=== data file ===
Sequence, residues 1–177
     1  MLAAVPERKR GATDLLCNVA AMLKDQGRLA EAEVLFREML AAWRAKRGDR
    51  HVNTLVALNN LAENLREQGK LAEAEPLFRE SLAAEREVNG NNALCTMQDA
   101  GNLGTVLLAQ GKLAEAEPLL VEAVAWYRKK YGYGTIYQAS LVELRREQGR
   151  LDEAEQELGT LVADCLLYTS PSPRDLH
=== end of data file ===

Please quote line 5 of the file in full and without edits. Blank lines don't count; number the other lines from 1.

   151  LDEAEQELGT LVADCLLYTS PSPRDLH